06/04/2022 A Norwegian Navy-strength gin has scooped the top prize at the prestigious London Spirits Competition, beating off thousands of other entrants to steal the show.
A Norwegian Navy-strength gin has scooped the top prize at the prestigious London Spirits Competition, beating off thousands of other entrants to steal the show. Bareksten Navy Strength Gin from Norway is produced by master distiller Stig Bareksten and his team at the Oss Craft Distillery in Flesland, a mere stone’s throw from Bergen airport, and was commended by the judges for its “spicy, full-bodied flavour” with a “long, smooth finish” and “stylish packaging”.
Described by Bareksten himself as a gin crafted to represent the spirit of Norway – “dark, wild and dramatic” this Navy strength edition of the distillers’ award-winning Botanical Gin, is an earthy spirit with a complexity that derives from botanicals including juniper, coriander, blueberries and elderberry flowers, as well as rhubarb and lingonberries.
Image: Bareksten Navy Strength Gin
Distilled in small batches to produce a highly potent spirit with a punchy ABV of between 57 – 58%, and a sublime fruity expression, Bareksten Navy strength Gin is ideally paired with tonic water, but also makes the perfect classic dry martini or negroni.
Launched in 2015, Bareksten Botanical Gin, which was the forerunner to the Navy strength edition, was awarded Double Gold at the San Francisco World Spirits competition only two years later, where it was given the award by all 42 judges in the blind tasting. The spirit has since gone on to amass a clutch of awards and is now served at the American Bar at the Savoy in London, as well as Cesar’s Palace in Las Vegas. The Navy strength version was launched the following year and is currently available in around 20 international markets. On finding out about his win, Bareksten said: "Winning spirit of the year feels absolutely amazing! Going all the way to the top among such a large number of spirits will have a great marketing effect and be have a positive inpact on our brand."
The judging process at London Spirits Competition 2022
He said he believed that one of the factors that made his gin stand out from the crowd is the fact that it is "an incredibly complex product with many ingredients that gives a unique and tasty mouthfeel. Furthermore, it is no secret that botanicals behave exceptionally well at high alcohol levels."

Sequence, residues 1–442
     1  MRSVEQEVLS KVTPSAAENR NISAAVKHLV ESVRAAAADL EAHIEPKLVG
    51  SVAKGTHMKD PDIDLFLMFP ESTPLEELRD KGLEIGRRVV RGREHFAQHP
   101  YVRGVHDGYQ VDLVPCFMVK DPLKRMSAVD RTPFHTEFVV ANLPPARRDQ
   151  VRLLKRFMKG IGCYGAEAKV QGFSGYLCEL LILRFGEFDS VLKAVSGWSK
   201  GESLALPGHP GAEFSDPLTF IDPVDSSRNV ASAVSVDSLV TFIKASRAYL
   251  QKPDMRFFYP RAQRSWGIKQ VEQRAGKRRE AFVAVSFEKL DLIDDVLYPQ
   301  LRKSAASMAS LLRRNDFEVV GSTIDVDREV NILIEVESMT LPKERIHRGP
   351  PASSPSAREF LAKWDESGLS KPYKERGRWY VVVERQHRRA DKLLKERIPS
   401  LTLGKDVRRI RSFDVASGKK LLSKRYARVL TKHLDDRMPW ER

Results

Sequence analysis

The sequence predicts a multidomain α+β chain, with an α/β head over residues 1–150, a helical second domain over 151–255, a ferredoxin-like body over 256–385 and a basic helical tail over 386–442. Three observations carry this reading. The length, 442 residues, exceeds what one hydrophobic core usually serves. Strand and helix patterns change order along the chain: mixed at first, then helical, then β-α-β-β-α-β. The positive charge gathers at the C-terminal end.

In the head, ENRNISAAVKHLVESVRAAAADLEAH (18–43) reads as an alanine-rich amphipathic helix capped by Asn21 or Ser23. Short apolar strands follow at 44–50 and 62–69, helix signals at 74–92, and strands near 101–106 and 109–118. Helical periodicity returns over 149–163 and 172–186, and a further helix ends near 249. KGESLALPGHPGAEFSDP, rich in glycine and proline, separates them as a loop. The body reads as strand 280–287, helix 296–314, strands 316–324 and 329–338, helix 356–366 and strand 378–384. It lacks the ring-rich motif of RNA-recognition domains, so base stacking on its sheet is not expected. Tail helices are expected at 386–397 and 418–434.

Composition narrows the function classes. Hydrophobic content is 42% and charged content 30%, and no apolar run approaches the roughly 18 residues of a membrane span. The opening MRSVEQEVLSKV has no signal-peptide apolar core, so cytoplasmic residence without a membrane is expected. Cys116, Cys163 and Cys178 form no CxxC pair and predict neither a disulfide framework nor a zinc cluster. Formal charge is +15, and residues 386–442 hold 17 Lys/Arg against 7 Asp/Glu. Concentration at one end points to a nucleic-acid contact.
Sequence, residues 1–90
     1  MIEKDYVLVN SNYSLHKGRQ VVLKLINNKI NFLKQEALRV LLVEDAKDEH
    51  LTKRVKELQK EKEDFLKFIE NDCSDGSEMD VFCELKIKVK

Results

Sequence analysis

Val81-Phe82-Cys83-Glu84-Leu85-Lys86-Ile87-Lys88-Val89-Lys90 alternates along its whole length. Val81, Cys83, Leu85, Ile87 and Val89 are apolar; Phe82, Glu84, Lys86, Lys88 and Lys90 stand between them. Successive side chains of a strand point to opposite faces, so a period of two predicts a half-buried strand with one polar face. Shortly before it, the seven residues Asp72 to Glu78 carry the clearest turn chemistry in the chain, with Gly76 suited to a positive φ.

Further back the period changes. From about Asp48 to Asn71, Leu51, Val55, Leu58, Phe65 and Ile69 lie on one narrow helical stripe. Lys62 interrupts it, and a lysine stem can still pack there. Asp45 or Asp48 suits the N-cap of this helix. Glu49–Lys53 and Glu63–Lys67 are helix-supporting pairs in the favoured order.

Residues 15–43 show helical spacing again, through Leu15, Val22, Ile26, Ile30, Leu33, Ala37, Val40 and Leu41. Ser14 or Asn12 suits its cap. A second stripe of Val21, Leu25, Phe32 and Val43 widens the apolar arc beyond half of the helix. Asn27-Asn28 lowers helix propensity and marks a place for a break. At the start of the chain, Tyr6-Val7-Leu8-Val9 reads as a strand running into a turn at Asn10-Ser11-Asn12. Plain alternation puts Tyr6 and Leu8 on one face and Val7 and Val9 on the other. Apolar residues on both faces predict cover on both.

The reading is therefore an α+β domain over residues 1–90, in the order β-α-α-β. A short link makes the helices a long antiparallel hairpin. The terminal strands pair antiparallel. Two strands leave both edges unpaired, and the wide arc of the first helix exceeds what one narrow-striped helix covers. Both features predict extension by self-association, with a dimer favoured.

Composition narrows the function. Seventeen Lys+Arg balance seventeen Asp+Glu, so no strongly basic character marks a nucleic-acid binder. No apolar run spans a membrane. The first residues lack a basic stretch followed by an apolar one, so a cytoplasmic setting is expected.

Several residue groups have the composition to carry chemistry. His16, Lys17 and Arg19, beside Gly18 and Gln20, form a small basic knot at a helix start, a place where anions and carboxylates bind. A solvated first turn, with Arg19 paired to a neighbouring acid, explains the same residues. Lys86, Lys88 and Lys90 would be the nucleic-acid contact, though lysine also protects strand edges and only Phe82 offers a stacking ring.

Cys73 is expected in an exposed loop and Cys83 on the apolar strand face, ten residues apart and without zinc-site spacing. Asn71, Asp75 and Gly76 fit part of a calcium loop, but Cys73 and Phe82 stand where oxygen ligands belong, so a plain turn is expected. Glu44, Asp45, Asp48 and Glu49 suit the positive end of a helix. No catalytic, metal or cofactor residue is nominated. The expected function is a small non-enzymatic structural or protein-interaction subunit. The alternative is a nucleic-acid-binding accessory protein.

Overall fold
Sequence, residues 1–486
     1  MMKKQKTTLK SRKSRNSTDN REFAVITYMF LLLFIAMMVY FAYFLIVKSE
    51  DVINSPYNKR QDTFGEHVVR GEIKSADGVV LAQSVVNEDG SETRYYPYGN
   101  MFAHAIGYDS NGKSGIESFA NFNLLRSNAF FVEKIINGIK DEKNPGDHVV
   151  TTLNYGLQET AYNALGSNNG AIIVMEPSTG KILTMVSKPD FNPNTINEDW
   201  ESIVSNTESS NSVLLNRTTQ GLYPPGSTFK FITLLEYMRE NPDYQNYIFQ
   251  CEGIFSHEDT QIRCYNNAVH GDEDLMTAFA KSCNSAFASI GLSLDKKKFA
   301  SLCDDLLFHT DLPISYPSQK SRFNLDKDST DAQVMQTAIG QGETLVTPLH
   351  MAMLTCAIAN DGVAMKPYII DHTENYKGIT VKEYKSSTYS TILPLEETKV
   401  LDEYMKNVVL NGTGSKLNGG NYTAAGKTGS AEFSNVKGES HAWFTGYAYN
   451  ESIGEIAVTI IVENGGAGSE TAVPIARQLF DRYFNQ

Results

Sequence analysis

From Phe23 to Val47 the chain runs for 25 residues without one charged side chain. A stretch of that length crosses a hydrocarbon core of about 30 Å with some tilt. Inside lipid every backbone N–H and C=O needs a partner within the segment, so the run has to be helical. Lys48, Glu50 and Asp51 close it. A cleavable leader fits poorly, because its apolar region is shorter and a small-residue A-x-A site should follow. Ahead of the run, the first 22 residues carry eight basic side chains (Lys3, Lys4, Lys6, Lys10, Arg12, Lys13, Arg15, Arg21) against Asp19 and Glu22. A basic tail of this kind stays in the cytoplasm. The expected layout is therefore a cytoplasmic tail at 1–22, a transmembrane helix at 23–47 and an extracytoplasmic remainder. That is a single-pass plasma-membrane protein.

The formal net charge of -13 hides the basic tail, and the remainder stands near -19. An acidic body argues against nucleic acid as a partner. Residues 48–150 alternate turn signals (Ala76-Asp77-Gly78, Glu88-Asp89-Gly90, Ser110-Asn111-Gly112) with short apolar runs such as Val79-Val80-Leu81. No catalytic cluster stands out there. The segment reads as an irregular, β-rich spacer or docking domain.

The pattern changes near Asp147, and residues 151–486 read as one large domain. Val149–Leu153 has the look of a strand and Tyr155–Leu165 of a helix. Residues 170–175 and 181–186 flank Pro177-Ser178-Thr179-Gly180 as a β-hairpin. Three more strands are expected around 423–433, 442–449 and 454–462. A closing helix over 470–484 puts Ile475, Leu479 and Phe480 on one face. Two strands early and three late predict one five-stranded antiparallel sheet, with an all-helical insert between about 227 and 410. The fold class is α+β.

Now in its fifth year, the London Spirits Competition recognises the very best in the spirits world, with entrants being judged not only for their taste and flavour but also for their packaging as well as their commercial viability by a crack team of spirits experts.
The panel of judges comprise a range of individuals from the drinks industry, all at the very top of their game and including buyers, sommeliers, bartenders, mixologists, and bar and restaurant owners with representatives from some of the hospitality sector’s leading names such as the Ritz, Le Manoir, the Goring, the Connaught and Claridges.
A clutch of retailers and wholesalers are also represented in the judging lineup, including Selfridges, Berry Bros & Rudd and Enotria Wines. With their expert noses and palates, and years of amassed experience, the opinion of the judging panel carries considerable weight, with a seal of approval from them coming as the ultimate accolade.
“It is fascinating how blind tasting challenges your senses and expectations,” said one of the judging team and head mixologist at the Connaught Hotel, Agostino Perrone. “Taking the right amount of time to taste a product should reflect the same care and effort that a producer put into his creations.”
To win an award, spirits must rate highly in all three factors, - quality, value and packaging - with the most weight being given to quality.
Image: Judging process at London Spirits Competition - 2022
And sheer marketability is another important facet of the judging process – after all, if a spirit doesn’t possess that all-important marketability, then it will merely sit gathering dust, taking up valuable shelf space if it doesn’t appeal to consumers.”
“I like the fact that the spirits are not only judged on their flavour profile, but also on the packaging, which is a crucial factor, as well as saleability,” said Fabio Spinetti, head of bars at Carlton Tower Jumeirah. “Considering the brand as a whole, rather than simply the taste, is a really good way to assess a brand,”
Fellow judge Oliver Eardley, bartender at the Savoy’s American Bar concurs. “Packaging makes the world of difference,” he confirms. “Simply put if it doesn’t look good it won’t sell.
This year saw a record number of entries competing for the much-coveted awards, with around 2,500 spirits brands from more than 80 countries in the running, about 50% higher than last year. With 447 entries, the UK was the country most well represented, followed by 323 products from Australia and 160 from the US. 771 gins made it into the top category, followed by whisky and rum.
The awards are rated on a 100-point scale, with those spirits that score 90 plus points being awarded a gold medal while those spirits that accrue 76 – 89 points receive a Silver. Bronze award winners are those drinks that assemble between 65 – 75 points.
Header Image: Stig Bareksten master distiller at the Oss Craft Distillery